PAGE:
In this Tagalog folktale from the Philippines a poor man named Suan asks a rich friend if he has a pole so that he can build himself a house. Some adventures begin when Suan’s house turns out to be bigger than that of his friend. In the end, the roles are d and Suan becomes the richest man in town.
English Learner Vocabulary Help
General Comments on the Story
Our source for the story was a book called “Filipino Popular s” by Dean S. Fansler, first published in 1921. It can be downloaded as an e-book from Project Gutenberg here. In a note about this story, Fansler claims that its origin is almost certainly Indian. He points to the story’s similarities to two Eastern folktales, and suggests that all three may have come from the story of Gamani-canda (No. 257 of the ). Many of the names in the folktales recorded in Fansler’s book are of Spanish origin. This is because the Philippines was a colony of Spain for over 300 years. However, it likely that almost all of these stories come from a time well before Spanish rule.
(adj: spare, sparer, sparest) 1. Not needed by you and available to be shared or given to someone else. Do have any spare cash/change? (ว่าง) 2. [of time etc] Available to be used in whatever way you want. He likes to read in his spare time. (ยามว่าง) 2000
(v: reverse, reverses, reversed, reversing) 1. To move backwards or in the opposite direction to normal. He reversed the car into the garage. 2. To put into the opposite position, state, order etc. My mother and I reversed our roles. Now I'm taking care of her. 3. To change a decision, rule etc to the exact opposite. He was originally found guilty, but the High Court reversed the decision. 2000
(n: buffalo pl buffaloes) A large wild animal like a cow with long horns that point to the back. Examples include the Asian and African water buffalo and the North American bison. 7000
(v: drown, drowns, drowned, drowning) To die by being underwater too long and unable to breathe. Four people drowned in the flood. She fell in the river and drowned. 3000
(adj: jealous) 1. Feeling or showing that you want to be like another person or have something that another person has; envy. 2. Feeling or showing unhappiness or anger because you think that someone you love [such as your spouse, boyfriend, girlfriend, etc.] likes or is liked by someone else. 4000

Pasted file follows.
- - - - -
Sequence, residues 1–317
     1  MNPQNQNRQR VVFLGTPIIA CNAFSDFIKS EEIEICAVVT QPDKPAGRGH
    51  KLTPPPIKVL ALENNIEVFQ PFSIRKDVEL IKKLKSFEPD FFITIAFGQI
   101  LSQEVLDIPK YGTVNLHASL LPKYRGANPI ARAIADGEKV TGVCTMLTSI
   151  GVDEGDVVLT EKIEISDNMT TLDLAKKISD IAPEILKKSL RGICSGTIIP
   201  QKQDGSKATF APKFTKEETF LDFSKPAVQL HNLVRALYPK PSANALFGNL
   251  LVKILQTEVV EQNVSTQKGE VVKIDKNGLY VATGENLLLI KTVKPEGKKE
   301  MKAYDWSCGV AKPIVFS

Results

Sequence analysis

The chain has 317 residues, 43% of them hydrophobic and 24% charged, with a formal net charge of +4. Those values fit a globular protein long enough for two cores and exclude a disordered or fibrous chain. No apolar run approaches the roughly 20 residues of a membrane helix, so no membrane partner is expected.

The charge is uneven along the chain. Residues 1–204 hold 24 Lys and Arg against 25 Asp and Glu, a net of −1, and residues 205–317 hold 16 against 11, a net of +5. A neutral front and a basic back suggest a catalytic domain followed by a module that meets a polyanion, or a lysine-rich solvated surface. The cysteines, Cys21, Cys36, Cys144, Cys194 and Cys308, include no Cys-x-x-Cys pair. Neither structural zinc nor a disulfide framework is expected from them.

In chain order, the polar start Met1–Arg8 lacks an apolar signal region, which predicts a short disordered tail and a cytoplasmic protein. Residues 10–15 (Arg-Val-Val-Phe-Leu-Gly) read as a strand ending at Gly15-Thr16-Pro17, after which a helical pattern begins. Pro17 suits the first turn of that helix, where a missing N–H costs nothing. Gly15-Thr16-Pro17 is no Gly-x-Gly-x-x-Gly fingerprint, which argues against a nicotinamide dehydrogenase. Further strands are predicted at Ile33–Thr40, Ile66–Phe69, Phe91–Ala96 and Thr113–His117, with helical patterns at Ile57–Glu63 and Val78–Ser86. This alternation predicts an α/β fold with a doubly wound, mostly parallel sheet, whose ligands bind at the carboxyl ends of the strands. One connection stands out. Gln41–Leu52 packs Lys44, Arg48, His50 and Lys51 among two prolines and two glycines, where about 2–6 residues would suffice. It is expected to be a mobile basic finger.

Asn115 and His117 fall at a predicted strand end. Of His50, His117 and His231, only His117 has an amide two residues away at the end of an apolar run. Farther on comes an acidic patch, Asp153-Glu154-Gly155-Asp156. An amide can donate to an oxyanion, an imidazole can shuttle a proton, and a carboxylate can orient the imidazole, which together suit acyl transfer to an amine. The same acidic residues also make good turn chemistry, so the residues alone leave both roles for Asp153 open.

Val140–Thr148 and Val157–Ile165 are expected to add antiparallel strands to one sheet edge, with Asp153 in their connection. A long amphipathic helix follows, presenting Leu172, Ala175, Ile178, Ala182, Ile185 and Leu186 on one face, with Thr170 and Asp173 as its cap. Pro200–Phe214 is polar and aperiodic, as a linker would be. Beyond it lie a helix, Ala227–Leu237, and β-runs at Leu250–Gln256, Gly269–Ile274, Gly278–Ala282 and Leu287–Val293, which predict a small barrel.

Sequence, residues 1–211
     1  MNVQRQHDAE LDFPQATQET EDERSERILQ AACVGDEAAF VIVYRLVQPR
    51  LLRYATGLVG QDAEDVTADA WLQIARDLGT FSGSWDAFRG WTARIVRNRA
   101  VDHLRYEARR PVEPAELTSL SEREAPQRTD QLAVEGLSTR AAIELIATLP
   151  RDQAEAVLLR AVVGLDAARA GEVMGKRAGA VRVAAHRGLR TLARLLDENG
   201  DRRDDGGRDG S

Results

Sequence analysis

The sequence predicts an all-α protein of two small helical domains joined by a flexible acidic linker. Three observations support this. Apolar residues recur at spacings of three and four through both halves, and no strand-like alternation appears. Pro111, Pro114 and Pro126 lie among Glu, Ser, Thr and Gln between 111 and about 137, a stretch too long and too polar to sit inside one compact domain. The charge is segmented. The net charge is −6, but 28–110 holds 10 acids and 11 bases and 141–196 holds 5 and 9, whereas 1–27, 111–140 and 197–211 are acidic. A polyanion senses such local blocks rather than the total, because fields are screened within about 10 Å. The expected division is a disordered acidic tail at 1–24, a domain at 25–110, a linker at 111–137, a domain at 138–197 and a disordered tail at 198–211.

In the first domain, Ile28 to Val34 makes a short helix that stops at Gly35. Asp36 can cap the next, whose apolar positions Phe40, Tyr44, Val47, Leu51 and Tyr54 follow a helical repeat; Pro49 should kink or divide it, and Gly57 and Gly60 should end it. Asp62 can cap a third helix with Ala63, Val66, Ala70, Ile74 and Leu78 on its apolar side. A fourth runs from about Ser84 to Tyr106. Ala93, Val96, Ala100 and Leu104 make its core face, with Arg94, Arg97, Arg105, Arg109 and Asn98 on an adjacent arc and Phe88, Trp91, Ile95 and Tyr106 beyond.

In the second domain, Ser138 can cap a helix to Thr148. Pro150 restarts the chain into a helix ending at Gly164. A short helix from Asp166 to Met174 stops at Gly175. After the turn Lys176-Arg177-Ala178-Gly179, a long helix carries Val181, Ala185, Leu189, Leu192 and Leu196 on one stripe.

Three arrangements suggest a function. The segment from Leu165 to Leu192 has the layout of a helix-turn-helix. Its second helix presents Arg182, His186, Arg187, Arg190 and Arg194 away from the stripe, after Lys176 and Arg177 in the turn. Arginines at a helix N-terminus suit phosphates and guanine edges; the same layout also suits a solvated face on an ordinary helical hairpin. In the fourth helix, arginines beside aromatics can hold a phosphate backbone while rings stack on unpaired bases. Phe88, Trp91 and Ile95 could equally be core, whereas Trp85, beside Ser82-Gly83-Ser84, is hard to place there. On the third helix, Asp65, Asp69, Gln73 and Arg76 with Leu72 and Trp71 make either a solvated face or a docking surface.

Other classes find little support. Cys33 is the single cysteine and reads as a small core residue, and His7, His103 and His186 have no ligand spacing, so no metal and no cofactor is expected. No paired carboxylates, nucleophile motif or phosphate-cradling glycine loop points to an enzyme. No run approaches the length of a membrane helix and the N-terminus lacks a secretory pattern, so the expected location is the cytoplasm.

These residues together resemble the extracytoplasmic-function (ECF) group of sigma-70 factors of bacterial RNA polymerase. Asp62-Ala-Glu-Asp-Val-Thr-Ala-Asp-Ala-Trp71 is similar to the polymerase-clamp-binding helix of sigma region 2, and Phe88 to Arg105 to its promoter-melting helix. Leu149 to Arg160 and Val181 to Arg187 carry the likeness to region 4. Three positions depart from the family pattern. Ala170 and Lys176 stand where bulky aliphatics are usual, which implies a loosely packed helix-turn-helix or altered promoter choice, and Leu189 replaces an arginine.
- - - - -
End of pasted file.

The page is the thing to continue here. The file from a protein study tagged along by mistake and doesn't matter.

(v: join, joins, joined, joining) 1. To put or bring two or more things together; to connect. She joined the pieces of wood together with glue. 2. To go somewhere in order to be with a person or group. He asked that I join them for lunch. 3. To become a member of a group or organization. Join the navy and see the world. 1000
(n: mud, noncount) Soft, wet dirt. His shoes were covered with mud. 3000
(n: palace pl palaces) A very large and beautiful house, especially one lived in by a member of a royal family such as a king, queen, sultan, etc. 4000
The picture on the left shows Buckingham Palace in London where the Queen of England lives.
(n: peso pl pesos) The standard unit of currency in many South and Central American countries and in the Philippines. 14000
(v: punish, punishes, punished, punishing) To make someone suffer for a crime or for something done that is wrong.
(n: punishment pl punishments) The act or way of making someone suffer for a crime or for something done that is wrong. 3000
(adj: sharp, sharper, sharpest) 1. Having a thin edge that is able to cut things or a fine point that is able to make a hole in things. 2. [of changes in direction] Sudden and quick. A sharp turn. 3. [of speaking] In an angry or unpleasant way. A sharp voice. 4. [of a sound] Loud, short, and sudden. (2000
(v: worry, worries, worried, worrying) To think about problems or fears; to feel or show fear and concern because you think that something bad has happened or could happen. If am not home on time, my parents start to worry. His poor health worries me. (วิตกกังวล) 1000
(n: tale pl tales) 1. A story about real or imaginary events; an exciting or dramatic story that may not be completely true. (นิทาน) 2. An untrue story that is told to deceive someone; a lie. He told me he had a lot of money, but that was just a tale. (เรื่องโกหก) 3000
The Jataka Tales form an important part of Buddhist Literature. Believed to be written between 300 BC and 400 AD, they are made up of around 550 stories and fables about the earlier lives of the being who would become Gautama Buddha. The future Buddha appears in many forms (god, human and animal), and in each exhibits some good quality that the tale seeks to teach. Versions of many of the stories can be found in other literature, including Aesop's Fables.